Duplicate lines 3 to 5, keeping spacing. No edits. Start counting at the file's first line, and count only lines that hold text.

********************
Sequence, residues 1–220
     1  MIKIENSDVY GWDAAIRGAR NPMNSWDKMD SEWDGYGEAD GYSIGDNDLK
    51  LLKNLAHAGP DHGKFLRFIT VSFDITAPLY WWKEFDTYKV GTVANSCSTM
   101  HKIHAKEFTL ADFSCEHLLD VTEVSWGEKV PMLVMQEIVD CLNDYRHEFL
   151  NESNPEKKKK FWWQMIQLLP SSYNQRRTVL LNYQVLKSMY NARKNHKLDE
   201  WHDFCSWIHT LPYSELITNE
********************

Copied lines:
    51  LLKNLAHAGP DHGKFLRFIT VSFDITAPLY WWKEFDTYKV GTVANSCSTM
   101  HKIHAKEFTL ADFSCEHLLD VTEVSWGEKV PMLVMQEIVD CLNDYRHEFL
   151  NESNPEKKKK FWWQMIQLLP SSYNQRRTVL LNYQVLKSMY NARKNHKLDE